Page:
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Writers and Editors (RSS feed)

Storytelling, Part 1

At the Writer's Center in Bethesda, MD, I recently participated in a panel on oral storytelling of true stories as a way to work out a story before writing it. Panel co-organizer Ellouise Schoettler, a nationally known storyteller, has a sign hanging in her office: "Tell your story before someone else does it and gets it wrong." She currently performs two one-woman shows about women in the military who served in France during World War I.

Panel co-organizer Solveig Eggerz's process for developing true stories is to tell the story first, then write it--or tell it, then develop it, then write it. Oral stories are typically 8 to 9 minutes long. Important factors in good storytelling are voice, gesture, and facial expression, she says (and demonstrates). Solveig uses storytelling as a pre-writing activity in her memoir and personal stories workshops

Many workshop participants value "writing prompts" as a vehicle for summoning memories and stories around a particular theme. Sometimes they don't remember a story until they reflect on how a particular theme crops up in their life.

Likeability is important, says Len Kruger. And conflict. Nobody wants to hear about a happy wedding. They want to hear a good story about how a wedding went wrong. And good storytellers avoid self-aggrandisement and pompous language.

Professional oral storytellers don't memorize their stories, says Ellouise. You want to remember "beats" and actions. She quoted Donald Davis as telling people to think of stories as crossing a creek -- you need to get six stones across the creek. You need to know what's supposed to happen -- what series of actions occur. You don't need to remember all the words. Davis offers workshops and has published two books (see below). For more info go to www.ddavisstoryteller.com/.

Panelist Jessica Robinson founded Better Said Than Done, a venue for true-story-telling evenings and good storytelling workshops in Fairfax,Virginia

Jessica mentioned finding stories through themes and soul-searching--and being on the lookout for stories. For example, if an important occasion goes wrong, think about how you can turn that into a story. She tries to loosen people up. These are stories about real-life people, she says. It is okay to use bad language. You can start a sentence with "and."

I use writing prompts but I also encourage my memoir writing students to try to find the names of the people and the stories behind old family photos. These can be particularly helpful if you are trying to collect stories from people who may be shy or inarticulate. I often interview nonwriters at great length to gather the material for the stories within the larger story of a memoir.

When I am collecting stories from experts, I do NOT (as journalists do) deeply research the subject before an interview. I ask dumb questions (What is an X?) because I want experts to explain their field in their own language, not assuming that their audience understands the jargon of their field.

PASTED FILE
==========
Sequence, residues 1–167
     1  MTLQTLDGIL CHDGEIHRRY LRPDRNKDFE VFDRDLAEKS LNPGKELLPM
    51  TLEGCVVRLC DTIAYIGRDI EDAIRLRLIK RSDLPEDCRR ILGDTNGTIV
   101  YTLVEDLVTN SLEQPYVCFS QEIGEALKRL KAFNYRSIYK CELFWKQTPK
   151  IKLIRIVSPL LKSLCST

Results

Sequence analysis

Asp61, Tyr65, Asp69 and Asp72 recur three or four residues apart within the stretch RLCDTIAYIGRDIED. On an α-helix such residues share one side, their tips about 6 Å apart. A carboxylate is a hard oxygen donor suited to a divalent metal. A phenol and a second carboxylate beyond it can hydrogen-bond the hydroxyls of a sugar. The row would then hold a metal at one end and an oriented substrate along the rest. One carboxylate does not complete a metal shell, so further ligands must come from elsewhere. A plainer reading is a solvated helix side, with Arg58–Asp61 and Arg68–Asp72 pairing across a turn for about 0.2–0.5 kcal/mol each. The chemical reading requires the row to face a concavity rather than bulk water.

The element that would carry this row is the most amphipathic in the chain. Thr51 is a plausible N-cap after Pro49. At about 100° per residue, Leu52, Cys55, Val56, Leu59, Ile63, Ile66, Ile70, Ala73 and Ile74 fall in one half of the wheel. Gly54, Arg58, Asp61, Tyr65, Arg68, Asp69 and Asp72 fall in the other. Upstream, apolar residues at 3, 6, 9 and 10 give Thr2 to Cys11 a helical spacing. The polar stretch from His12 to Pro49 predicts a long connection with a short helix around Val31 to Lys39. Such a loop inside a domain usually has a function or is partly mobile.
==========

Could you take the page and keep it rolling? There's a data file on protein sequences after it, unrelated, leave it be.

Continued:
Here are some great resources, recommended by the panelists:

Storyteller Donald Davis has helped many storytellers get started, both as a model and through workshops and books

Donald Davis:
• • Writing as a Second Language by Donald Davis. From experience to story to prose. When we talk about language arts in our school, we focus on reading and writing instead of nourishing the whole oral and kinesthetic package that is our spoken language. Davis argues that we must step back into our familiar “first” language―the spoken word―as our creative medium and learn to “translate” into that new foreign language called writing. He argues that talking and writing need not be mutually exclusive in language development.'
Telling Your Own Stories (a small book of story prompts)

Kevin Allison's Risk is a podcast of true stories told aloud.
Before people try out for that storytelling venue it is helpful to hear the storytelling training seminar available through his website:

Panelist Dario Battista recommended Neil Hilborn, Spoken Word, who tells stories of mental illness, lightening heavy themes with his self-deprecating sense of humor and willingness to not take himself too seriously. He emphasizes the importance of having a range of emotions. One of his stories, OCD, went viral. You can hear it on YouTube:
Here is his wonderful poem, OCD

These books were recommended by panelists:

From Plot to Narrative by Elizabeth Ellis (a step-by-step process for creating and enhancing stories)

Inviting the Wolf In: Thinking About Difficult Stories by Loren Niemi and Elizabeth Ellis. A difficult story can powerfully alter not only s/he who tells it but also they who hear it.

In the Narrative Nonfiction section of my website, Writers and Editors, you will find a partial list of venues for stories told aloud to a live audience
and another on digital and radio storytelling
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